The Top Ten Most Annoying Characters On TV
We love TV. We love TV shows. We love TV characters. Well, for the most part. Unfortunately there are some characters on TV—on shows we like, on shows we hate—that are just so freaking annoying. Characters who make us groan every time they show up, who make us throw things (soft things) at the television set, who make us, however briefly, consider not watching the show at all. Because it's the holidays and our cold, Grinch-like hearts are extra black this time of year, and because everyone's doing top 10 lists right now, we decided to make a list of the top 10 most annoying characters on television. Agree with us? Vociferously disagree? Let us know in the comments!
10) Jim Halpert and Pam Beesly, The Office
They didn't use to be annoying. Oh how we loved them once. We awwwed at their doe-eyed budding romance, guffawed at their cutely sarcastic asides, even swooned at their regular-folks good looks. But now? The two characters have just gotten so smug, haven't they? Jim's little eye rolls to the cameras and Pam's bordering-on-cruel humoring of Michael's crazy ideas—it all just seems so mean-spirited now. We get it, Jim and Pam. You're cute and young and have found love, while everyone else in the office is old and weird and alone. But you know what? We like those weirdos a lot more than you two these days. Heck, we even like Ryan more than you two. And we really don't enjoy Ryan. The writers need to write more scenes, or whole episodes even, where Jim and Pam prove to be just as silly and clueless as the other characters, or we may never like them again.
9) Vanessa Abrams, Gossip Girl
Why, exactly, is Vanessa even on this show? The character in the books was interesting—a shaved-headed, sexually curious artiste. But because The CW seems mostly unwilling to have any truly off-beat characters, they've served us this wan, lukewarm, centrist version of Vanessa. For the first two seasons her presence was only occasional, which we could tolerate. But now she's on every darn episode, stinking up the joint with her dumb video projects and wicked habit of dating really annoying boys (Dan's half-brother, anyone?) Vanessa doesn't really serve any grand purpose as a character on the show, she's only tied to Dan after all, and Jessica Szohr isn't exactly Kitty Hepburn in the acting department, so we're really not sure why she's not only still on the show, but been given a far bigger role this year. We suspect it has something to do with the fact that she's the only person of color in the otherwise lily-white cast.
8) Barney Stinson, How I Met Your Mother
Legen... wait for it... darily annoying. What began five seasons ago as a fun little joke—look it's little Doogie Howser, an out gay person, as a total lady-hound!—has devolved into a lazy and uninteresting and overacted nightmare. Around the time the whole Bro Bible or Bro Code book came out, the dude-bro Barney jokes started to become increasingly stale and painfully forced. While the writers stirred up some interesting new notes last season by having Barney fall genuinely in love with Robin, that relationship is done now and he's back to his old, tiresome phrase-coining tricks. On a sitcom where most of the other characters are admirably fleshed-out as real people, Barney remains the sole caricature, a series of jokes your college buddies came up with that you laugh at less and less as the years go by.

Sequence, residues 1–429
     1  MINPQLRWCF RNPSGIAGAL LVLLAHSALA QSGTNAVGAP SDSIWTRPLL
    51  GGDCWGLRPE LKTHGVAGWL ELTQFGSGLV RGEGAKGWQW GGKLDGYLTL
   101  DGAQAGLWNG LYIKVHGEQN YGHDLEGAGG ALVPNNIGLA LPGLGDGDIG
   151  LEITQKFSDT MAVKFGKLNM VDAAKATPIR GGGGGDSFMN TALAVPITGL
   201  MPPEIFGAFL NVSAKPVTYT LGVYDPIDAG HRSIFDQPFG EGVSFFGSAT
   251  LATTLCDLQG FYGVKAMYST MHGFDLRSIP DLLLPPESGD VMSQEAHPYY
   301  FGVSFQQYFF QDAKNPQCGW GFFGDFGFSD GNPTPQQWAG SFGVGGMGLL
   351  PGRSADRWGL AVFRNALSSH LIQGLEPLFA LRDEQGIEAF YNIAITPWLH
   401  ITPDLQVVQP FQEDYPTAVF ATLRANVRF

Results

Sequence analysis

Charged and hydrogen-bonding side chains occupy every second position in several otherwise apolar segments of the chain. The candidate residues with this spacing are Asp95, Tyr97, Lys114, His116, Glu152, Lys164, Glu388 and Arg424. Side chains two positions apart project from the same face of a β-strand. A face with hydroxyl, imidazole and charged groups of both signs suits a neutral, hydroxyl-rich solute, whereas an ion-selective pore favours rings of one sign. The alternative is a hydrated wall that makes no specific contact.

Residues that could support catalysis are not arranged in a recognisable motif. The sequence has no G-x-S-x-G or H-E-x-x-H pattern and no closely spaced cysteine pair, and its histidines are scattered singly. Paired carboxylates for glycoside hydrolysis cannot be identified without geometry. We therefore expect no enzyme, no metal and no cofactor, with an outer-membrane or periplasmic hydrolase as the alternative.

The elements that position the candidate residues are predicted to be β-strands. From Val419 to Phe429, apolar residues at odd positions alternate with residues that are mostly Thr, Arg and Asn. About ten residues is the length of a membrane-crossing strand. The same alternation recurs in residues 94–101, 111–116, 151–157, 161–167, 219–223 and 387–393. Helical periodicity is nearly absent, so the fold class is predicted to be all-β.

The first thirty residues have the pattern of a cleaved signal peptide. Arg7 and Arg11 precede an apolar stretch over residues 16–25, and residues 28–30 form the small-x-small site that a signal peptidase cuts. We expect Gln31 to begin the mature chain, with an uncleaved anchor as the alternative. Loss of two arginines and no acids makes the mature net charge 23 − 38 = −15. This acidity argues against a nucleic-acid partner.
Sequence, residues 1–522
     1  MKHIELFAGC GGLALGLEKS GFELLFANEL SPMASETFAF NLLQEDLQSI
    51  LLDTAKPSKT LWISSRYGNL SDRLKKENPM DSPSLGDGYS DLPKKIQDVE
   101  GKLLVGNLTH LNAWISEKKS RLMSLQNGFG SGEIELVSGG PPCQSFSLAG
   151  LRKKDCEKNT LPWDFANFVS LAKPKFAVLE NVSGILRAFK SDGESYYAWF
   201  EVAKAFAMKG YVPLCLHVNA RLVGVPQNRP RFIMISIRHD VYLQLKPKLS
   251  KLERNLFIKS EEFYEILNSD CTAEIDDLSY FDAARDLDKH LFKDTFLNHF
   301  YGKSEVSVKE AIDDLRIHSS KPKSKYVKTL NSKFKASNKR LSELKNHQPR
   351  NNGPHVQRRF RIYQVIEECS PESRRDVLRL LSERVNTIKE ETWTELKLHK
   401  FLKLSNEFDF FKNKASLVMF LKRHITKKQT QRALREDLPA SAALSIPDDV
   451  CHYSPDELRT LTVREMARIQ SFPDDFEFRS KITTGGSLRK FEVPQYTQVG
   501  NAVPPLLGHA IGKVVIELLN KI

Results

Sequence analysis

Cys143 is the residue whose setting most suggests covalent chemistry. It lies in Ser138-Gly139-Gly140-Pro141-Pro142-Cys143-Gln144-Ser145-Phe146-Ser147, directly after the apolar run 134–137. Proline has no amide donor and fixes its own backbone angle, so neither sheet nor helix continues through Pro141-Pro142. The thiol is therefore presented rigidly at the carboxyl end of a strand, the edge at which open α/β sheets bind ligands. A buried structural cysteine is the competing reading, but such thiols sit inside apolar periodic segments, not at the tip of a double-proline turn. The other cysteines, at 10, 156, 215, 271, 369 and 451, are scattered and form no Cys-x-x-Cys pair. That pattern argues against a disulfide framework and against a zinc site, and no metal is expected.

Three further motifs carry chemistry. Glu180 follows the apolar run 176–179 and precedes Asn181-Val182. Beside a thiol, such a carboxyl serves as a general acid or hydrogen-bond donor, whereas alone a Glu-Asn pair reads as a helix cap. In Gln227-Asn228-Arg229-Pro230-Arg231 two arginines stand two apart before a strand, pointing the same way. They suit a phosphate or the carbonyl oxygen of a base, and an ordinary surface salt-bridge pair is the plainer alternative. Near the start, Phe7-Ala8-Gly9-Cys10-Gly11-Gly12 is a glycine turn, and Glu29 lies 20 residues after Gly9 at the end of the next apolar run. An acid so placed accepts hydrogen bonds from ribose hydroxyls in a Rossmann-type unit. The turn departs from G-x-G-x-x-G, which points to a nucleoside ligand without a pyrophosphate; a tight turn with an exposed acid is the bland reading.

7) Rita Bennett, Dexter
While we mostly love the beatific Julie Benz, her complaining wifey character has been reduced to little more than whimpering and murmuring about Dexter's commitment to the family. We thought the character might go a little dark by stepping out on Dexter with the hunky next door neighbor, but all we got was a little kiss, Rita apologizing, and then feeling bad that Dexter didn't feel bad. Why the Dexter writers, who have shown that they can craft interesting well-rounded women characters in Deb and LaGuerta, tromp so heavily into nagging wife cliches with Rita is a more baffling mystery than some of Miami Metro's murder cases. Might Rita die next week? For the first time since the series began, we really feel like we wouldn't miss her.
6) Mark Benford, FlashForward
Mark Benford is an alcoholic. And that's the best thing about him. A poor man's Jack from Lost that talks like Christian Bale's Batman and Steven Seagal, Benford is so one-dimensional that he disappears when he turns sideways. And he's supposed to be our hero? Never before in the history of television have we had to rely on such an incompetent FBI agent. Not only do we not trust him to figure out what happened in the event of a worldwide blackout, we wouldn't even trust him to find out what happened in the event of a freshman coed's blackout at a frat party. And for God's sake, unfurrow your brow.